In order to have the best chance of hitting those temperature targets, we will have to go beyond cutting emissions to creating a global economy which is below net-zero emissions (this is explicit in the most aggressive IPCC emissions scenarios). This means that to limit near term warming, in the second half of this century we will have to start reducing atmospheric greenhouse gas levels. Every tonne of CO2 we emit today will eventually have to be removed from the atmosphere. If we want to prevent the full extent of the sea level rise suggested by the historical data we will have to return atmospheric carbon loading to near pre-industrial levels — a huge task for us to bequeath to our children.
The available carbon budget has to be allocated equitably between nations. NZ, as a rich developed country with high per capita emissions will be expected to shoulder a greater burden than rapidly developing and underdeveloped countries. This is both a moral and an ethical issue, as well as a matter of realpolitik in relations with China, India, the US and Europe.
There are two sorts of climate risk that face New Zealand. The first is of direct and indirect climate change impacts. Climate change is already being felt all round the world in increasingly damaging extreme weather events, and this will only get worse as warming continues. NZ may (or may not) escape the worst of those direct impacts, but our trading partners almost certainly won’t. We are at least as vulnerable to the impacts of climate change on our key export markets as we are to — say — an outbreak of foot and mouth disease damaging our beef and dairy exports.
Some of these direct impact risks are unavoidable. Due to the huge heat capacity of the global oceans, initial “fast” warming lags behind CO2 levels by up to 30 years. If we could somehow freeze atmospheric CO2 at 400 ppm, the planet would continue to warm for another three decades. Every year we delay cutting emissions adds a year to the end of the process — when the damages being experienced both here and overseas will be much greater than today.
The only way to deal with the unavoidable warming is to increase national resilience to the direct impacts of extreme weather, sea level rise and climate warming, and to create an economy that is less vulnerable to climate shocks in export markets.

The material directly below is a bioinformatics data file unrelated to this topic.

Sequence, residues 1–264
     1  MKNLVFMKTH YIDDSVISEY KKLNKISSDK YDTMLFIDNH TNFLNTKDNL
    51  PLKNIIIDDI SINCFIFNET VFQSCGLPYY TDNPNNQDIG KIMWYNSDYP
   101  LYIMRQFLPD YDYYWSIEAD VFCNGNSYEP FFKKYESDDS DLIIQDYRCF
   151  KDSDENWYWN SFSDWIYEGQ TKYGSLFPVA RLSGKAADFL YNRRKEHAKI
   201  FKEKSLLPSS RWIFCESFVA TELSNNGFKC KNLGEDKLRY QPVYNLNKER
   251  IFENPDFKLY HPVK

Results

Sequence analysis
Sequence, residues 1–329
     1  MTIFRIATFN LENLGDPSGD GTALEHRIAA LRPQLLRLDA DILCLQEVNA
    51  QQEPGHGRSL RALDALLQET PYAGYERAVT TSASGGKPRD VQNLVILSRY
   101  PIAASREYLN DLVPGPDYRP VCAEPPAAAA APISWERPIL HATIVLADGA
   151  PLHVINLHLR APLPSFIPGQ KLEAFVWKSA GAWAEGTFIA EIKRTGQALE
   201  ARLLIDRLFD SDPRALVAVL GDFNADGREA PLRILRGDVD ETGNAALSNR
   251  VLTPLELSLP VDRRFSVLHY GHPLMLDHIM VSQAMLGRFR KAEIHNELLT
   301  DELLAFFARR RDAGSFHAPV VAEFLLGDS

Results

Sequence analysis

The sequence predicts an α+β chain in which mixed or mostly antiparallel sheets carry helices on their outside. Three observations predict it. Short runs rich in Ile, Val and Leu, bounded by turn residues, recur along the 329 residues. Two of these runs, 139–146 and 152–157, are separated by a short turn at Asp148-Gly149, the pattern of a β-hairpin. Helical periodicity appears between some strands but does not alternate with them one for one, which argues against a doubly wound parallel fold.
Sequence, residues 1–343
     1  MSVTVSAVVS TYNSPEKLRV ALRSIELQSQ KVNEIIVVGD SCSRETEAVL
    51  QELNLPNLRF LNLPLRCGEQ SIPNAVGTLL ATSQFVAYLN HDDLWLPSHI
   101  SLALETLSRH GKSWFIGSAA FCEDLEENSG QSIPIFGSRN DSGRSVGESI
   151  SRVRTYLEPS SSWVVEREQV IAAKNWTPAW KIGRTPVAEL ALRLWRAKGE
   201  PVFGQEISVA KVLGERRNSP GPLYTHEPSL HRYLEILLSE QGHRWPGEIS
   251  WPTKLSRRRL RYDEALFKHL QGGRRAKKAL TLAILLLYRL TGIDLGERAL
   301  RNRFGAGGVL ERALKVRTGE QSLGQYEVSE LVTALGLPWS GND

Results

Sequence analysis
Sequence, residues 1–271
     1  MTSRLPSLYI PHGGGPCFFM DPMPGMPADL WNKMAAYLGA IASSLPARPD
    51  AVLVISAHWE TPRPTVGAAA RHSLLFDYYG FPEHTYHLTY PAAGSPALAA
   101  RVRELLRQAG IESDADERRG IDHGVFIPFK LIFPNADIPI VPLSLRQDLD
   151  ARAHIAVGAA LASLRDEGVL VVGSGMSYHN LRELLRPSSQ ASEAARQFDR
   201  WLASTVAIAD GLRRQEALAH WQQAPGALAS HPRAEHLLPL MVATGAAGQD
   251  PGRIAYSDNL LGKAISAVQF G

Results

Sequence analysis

There is also risk associated with the accuracy of our projections of future change. Paleoclimate tells us where we’re heading, but modelling gives us our best guess of how fast we’ll get there. Essentially, this risk can be characterised as three options:
- Climate change turns out be slower and less damaging than currently projected
- Climate change turns out as we currently project (IPCC AR5)
- Climate change happens faster and is more damaging than expected
The preponderance of scientific and expert evidence is handily summarised by the Intergovernmental Panel on Climate Change in its regular reports. The most recent, published last year, makes for grim reading, but also makes it clear that it is possible for the world to limit the worst impacts of climate change, and do so at affordable cost.
To assume that the IPCC is wrong, or “alarmist” as some would like to suggest, and that future climate change will be less damaging than currently projected, is to fly in the face of the evidence. From a risk analysis perspective, basing climate policies (global or national) on a gamble that the experts are wrong could have terrible consequences in both the near and long term.
However, it should be pointed out that the IPCC is itself regarded by many in the climate science community as a conservative presentation of the evidence. Since the publication of the Fifth Report, for instance, it has become clear that large parts of the West Antarctic Ice Sheet may already have passed the point of no return and could be committed to large scale melt over the next century. In other words, it might be wise to assume that we should be planning to avoid the worst case. It is often suggested that we should prepare to cope with 4ºC of warming, but mitigate (by aggressively cutting emissions) to give us the best chance of staying under 2ºC.